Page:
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Acad Psychiatry. 2005 May-Jun;29(2):134-40.

The challenge of teaching psychopharmacology in the new millennium: the role of curricula.

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  • 1Department of Psychiatry and Behavioral Sciences at Stanford University School of Medicine, Stanford, California, USA.

Erratum in

  • Acad Psychiatry. 2005 Jul-Aug;29(3):324.



For a variety of pedagogical, political and financial reasons, there are major problems in achieving effective teaching of cutting-edge psychopharmacology for psychiatric residents. This article focuses on ways to improve the teaching/learning process, in part through the use of structured curricula. The authors review 1) attempted solutions to the educational problems, including use of the 1980s American College of Neuropsychopharmacology (ACNP) and 1990s American Society of Clinical Psychopharmacology (ASCP) model curriculums; 2) evaluation of and obstacles to change; and 3) suggestions of what to do now.


A psychopharmacology curriculum was prepared in the early 1980s under the auspices of the ACNP and in the 1990s and early 2000s by the ASCP in three editions. Three separate surveys of training directors and Chairs of departments using the curriculum, informal feedback from a variety of psychopharmacology experts, interactive presentations at national meetings (e.g., ACNP and AADPRT) served to guide development and revisions of the curriculum.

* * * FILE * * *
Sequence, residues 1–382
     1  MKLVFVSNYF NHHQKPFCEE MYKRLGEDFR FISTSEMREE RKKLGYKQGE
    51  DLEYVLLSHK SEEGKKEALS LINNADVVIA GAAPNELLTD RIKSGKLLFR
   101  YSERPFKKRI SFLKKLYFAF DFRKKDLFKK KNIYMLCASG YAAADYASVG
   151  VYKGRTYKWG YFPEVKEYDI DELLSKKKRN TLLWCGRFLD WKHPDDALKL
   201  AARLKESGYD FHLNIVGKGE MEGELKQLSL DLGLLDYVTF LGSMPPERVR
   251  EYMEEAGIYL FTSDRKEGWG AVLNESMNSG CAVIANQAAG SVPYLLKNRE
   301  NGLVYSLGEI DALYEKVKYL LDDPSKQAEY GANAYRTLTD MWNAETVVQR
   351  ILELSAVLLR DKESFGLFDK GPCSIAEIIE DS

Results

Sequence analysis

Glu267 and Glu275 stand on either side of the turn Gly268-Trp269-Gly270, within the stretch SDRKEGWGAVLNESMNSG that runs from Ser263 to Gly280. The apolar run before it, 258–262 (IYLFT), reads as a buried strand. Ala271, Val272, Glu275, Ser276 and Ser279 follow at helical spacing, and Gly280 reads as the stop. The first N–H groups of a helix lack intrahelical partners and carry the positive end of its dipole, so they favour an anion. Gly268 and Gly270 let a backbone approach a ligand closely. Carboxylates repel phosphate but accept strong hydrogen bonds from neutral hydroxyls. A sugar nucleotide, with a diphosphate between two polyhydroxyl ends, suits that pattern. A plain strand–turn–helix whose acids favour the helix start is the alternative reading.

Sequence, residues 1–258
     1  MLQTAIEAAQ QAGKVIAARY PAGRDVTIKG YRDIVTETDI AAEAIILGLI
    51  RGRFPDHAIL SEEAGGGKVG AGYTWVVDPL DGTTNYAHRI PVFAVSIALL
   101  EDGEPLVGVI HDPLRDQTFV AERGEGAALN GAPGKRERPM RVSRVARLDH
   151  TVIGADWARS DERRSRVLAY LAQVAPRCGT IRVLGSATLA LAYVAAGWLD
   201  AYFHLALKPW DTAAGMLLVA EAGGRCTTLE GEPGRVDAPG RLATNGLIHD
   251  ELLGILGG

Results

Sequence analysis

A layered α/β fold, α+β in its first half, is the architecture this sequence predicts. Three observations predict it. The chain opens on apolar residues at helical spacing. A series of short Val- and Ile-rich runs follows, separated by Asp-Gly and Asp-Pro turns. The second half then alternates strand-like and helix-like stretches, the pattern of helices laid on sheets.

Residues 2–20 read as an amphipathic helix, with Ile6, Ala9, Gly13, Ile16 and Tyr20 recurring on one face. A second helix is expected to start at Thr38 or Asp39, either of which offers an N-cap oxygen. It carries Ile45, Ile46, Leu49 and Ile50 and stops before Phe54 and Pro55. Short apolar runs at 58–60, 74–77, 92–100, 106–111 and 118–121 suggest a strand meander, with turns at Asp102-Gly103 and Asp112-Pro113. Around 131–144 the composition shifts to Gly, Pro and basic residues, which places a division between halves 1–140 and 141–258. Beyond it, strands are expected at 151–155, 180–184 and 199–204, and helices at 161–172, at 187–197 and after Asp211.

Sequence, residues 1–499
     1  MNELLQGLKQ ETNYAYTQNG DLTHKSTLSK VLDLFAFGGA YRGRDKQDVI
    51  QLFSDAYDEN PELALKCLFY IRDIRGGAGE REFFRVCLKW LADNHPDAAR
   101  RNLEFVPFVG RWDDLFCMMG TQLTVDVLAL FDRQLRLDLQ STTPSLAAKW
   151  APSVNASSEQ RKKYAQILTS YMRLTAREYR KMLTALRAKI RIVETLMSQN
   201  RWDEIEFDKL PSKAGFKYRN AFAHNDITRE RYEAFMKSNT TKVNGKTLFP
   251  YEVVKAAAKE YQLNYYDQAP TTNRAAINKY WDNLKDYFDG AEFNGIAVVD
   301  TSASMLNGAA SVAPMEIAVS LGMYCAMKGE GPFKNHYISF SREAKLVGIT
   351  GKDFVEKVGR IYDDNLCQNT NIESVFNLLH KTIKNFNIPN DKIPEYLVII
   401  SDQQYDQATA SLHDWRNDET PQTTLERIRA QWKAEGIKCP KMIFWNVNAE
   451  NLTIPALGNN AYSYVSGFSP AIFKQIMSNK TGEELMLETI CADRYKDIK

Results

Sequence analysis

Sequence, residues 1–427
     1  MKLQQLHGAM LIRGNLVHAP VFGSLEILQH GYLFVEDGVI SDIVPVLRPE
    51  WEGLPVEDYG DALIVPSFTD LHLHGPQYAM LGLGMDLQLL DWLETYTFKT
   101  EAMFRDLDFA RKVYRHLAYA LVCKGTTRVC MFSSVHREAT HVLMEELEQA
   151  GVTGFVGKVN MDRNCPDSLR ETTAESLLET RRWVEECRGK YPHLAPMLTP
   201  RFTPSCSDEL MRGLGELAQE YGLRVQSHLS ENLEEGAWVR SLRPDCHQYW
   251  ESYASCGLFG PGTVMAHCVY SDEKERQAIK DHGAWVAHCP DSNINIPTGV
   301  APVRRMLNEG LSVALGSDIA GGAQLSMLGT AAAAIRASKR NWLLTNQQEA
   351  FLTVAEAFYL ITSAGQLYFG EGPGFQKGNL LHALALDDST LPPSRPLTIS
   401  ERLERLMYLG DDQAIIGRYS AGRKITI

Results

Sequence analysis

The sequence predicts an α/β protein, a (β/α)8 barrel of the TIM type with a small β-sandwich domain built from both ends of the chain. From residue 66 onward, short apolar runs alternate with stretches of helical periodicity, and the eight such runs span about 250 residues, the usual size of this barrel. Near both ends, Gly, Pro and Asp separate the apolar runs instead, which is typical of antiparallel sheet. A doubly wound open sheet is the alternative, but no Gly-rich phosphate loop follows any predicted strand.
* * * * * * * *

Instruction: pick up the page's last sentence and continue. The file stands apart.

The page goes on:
Three formal follow up evaluations over two decades of users of the curriculum have suggested that it is not enough to have a strong content of what needs to be taught. In addition, a successful psychopharmacology curriculum must have 1) the pedagogy, (i.e., features like pre-post questions, teaching points, etc.) to facilitate use of the many facets and considerable amounts of information; 2) advanced technology to make the content current, adaptable, and both teacher- and student-friendly; 3) accompanying strategies to allow buy-in from training directors and teachers who have had no role in development; 4) reasonable cost to allow wide-spread dissemination while covering preparation expense (preferably without industry support); and, finally 5) evaluation of competence both at the end of training and post-residency in actual practice.


The long-term objective of improving the teaching/learning process is to improve the clinical practice of psychopharmacology.

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